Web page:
Monday, 8 April 2013

how to do a game jam

1) Start with a concept. Anything will do, it's not really going to matter. The standard form of "just like X except with Y" is perfectly fine.

2) Believe that it's a real game. It already exists, in a sense; games are mathematical objects, they have independent existence in the Platonic world of forms. Or something. Whatever it takes to convince you that it will work.

3) Start with the smallest thing that the player does regularly in the game. If they're mostly moving a character around, then that. The core interaction. Code it.

4) Spend lots of time on graphics, and on getting the feel of the controls right. These are really important for being able to trick yourself that this could plausibly be an Actual Game.

5) Play with it. Lots. Pretend the rest of the game is there. Yay, you made a game! (Now you just need to finish it.)

6) Drop your original concept. There's not enough time to implement it, and it's probably stupid anyway, what were you thinking? Just forget it. What you've done already can work without it.

7) Okay that's probably left some threads hanging: tie all of them together. You had this big idea but now that you don't have time for it there's a gap there, something else needs to fill its role. Just join everything up, it'll work out somehow. If there are two characters that aren't properly fleshed out - just make them the same person. If you've dropped your elaborate crafting system but the player still needs to acquire items somehow, and you've dropped your complex AI controller but you still need to introduce enemies somehow - just make the items be the enemies. Does that even make sense? It doesn't matter.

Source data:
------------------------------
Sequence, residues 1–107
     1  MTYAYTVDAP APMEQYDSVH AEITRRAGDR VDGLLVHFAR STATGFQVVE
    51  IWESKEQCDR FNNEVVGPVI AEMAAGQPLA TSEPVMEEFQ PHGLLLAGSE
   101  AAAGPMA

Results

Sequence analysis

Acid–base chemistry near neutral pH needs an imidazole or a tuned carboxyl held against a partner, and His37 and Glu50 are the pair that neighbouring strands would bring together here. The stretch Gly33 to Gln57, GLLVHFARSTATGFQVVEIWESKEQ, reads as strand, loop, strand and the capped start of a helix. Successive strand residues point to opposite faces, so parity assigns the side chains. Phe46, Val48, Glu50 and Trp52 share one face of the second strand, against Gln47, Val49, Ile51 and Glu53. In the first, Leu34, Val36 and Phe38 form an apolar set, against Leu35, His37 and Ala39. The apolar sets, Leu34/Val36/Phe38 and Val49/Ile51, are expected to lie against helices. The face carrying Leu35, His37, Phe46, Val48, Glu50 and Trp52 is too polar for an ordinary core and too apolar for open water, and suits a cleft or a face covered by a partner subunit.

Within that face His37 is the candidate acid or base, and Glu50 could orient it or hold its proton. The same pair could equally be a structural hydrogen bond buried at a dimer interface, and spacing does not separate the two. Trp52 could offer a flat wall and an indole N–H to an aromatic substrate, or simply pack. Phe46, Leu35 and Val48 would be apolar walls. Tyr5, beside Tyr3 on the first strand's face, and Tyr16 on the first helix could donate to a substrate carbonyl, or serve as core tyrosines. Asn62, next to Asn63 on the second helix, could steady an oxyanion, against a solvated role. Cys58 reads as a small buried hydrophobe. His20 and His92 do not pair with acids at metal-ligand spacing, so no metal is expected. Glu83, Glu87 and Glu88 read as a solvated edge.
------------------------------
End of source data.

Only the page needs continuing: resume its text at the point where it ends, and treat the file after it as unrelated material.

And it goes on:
8) Keep playing the game. This is important, way more important than programming it. You need to get a feel for what it wants to be.

9) Realise it's not going to work, and throw it all away to start again. It's stupid, it's not interesting at all, and even at its newly reduced scope there's no way you're going to finish it, you were just deceiving yourself all along. You've probably still got time to make something really small... goto 1. (NOTE: skip this step in the event that your game is actually any good.)

10) Uh if you reached this then you have something interesting, keep working on it until it's done I guess? Don't worry too much about the deadline, it's better to make something good than force it into some arbitrary constraint. Neat.


  1. Bwahaha, mathematical realism through the lens of ludum dare. This is why a blank vim screen is both the most terrifying and promising experience one can have with a computer. EVERYTHINGS IN THERE.

  2. I'm having a hard time determining how much if any of this is satirical.

    1. I'm not sure either, but I'm certain that it's all completely serious at the same time though.